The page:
The MA Filmmaking (Directing Fiction) allows students to develop their skills as a directors, working on a range of projects from personal essay films to large'scale shoots with professional actors and feature crew. This Master's, a pathway of the MA Filmmaking, enables students to gain a full understanding of how to collaborate on all stages of filmmaking, from scripting and pre'production through shoot, post'production and marketing/exhibition of their work. It builds skills and confidence in expressing a unique vision and conveying it to a team.
For 2 terms students spend a full day a week in specialised contact with the student's specific programme convenor, plus a further day in Screen Lab working with colleagues across the programme in a Talent Campus'style project'led learning structure with: Masterclasses; pitches; role'plays; exercises aimed at using skills specialism in a variety of live shoot situations. Students also have a variety of research projects to undertake, as well as other module options. The 3rd term is taken up with the final substantive project, and in writing up a process paper on work and research over the year. Screen Lab: Students also advance their collaborative skills by working in teams with producers and cinematography, sound and edit students, on a variety of projects and at least 3 scheduled films across the year. Students leave the programme with a diverse portfolio of performed work that may span a variety of drama and fiction formats; music videos, web series drama, experimental art pieces and short fiction films. Screen School options: As well as the Directing Fiction specialism, students undertake 3 short courses to enhance their other skills and critical approaches. Options currently being designed include: Screen adaptation; storyboarding for drama; principles of editing.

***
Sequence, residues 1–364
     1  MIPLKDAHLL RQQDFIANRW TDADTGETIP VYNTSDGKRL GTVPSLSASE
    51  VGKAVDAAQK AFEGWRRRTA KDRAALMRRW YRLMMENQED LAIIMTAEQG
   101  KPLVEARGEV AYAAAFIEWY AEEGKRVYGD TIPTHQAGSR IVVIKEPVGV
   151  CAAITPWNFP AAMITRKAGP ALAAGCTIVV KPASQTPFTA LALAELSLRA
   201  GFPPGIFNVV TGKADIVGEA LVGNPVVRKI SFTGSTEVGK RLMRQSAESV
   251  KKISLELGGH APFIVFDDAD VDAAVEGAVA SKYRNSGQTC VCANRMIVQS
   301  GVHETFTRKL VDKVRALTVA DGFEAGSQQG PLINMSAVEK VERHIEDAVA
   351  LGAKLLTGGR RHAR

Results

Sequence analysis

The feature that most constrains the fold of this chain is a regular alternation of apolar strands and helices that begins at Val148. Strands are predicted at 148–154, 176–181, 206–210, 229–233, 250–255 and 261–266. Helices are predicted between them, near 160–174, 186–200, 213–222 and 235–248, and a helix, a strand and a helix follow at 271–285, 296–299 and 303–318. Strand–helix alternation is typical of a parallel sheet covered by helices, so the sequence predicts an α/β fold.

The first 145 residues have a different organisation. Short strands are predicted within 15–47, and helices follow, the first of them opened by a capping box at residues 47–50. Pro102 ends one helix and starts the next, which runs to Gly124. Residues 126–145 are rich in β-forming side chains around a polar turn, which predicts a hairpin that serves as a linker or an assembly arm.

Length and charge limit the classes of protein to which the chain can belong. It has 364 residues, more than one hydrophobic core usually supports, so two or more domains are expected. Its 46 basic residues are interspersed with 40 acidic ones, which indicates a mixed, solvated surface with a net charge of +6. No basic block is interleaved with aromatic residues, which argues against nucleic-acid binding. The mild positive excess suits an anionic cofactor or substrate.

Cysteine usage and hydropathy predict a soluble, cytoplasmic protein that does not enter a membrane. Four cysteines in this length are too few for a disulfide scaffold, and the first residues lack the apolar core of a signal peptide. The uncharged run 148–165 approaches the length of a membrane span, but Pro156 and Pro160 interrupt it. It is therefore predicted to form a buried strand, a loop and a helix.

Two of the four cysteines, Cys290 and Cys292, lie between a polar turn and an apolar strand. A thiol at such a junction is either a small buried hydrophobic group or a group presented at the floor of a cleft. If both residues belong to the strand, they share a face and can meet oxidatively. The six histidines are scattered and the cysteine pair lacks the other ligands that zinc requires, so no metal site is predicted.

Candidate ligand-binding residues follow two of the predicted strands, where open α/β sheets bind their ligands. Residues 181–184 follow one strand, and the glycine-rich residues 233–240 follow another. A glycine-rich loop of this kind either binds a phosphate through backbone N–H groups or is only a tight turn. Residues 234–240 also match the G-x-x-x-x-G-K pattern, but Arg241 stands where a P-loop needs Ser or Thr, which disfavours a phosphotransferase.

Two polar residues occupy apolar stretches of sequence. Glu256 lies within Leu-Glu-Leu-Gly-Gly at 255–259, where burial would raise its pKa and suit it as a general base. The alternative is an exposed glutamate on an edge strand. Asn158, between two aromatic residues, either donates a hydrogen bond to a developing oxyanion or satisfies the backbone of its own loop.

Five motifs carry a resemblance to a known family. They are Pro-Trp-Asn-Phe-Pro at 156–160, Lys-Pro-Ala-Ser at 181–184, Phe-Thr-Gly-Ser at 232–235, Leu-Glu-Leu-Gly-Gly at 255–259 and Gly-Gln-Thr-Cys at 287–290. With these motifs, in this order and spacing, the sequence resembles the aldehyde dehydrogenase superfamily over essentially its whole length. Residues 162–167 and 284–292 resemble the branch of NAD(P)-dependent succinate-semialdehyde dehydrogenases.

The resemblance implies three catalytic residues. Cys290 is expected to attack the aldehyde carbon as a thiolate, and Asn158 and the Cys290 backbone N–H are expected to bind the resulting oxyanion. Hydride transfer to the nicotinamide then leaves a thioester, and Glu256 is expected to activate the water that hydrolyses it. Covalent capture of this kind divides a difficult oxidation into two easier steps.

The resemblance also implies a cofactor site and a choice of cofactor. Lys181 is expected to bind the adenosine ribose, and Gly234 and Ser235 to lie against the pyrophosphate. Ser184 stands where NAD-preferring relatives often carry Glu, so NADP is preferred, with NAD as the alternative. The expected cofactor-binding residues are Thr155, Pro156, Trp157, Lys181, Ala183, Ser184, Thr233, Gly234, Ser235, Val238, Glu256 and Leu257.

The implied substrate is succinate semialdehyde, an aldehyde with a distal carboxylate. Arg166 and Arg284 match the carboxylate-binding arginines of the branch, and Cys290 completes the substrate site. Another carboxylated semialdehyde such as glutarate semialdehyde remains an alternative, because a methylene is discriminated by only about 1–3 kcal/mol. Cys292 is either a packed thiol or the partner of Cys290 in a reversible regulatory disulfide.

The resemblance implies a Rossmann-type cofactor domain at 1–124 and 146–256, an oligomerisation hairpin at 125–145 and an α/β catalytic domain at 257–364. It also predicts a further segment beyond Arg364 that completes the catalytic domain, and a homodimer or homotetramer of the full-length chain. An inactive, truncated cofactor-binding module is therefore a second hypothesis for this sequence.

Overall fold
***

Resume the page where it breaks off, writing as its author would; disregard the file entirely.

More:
Course Additional Entry
You should have (or expect to be awarded) an undergraduate degree of at least 2nd class standard in a relevant/related subject as well as a level of practical experience from work in the arts or the media. You might also be considered for some programmes if you aren't a graduate or your degree is in an unrelated field, but have relevant experience and can show that you have the ability to work at postgraduate level.
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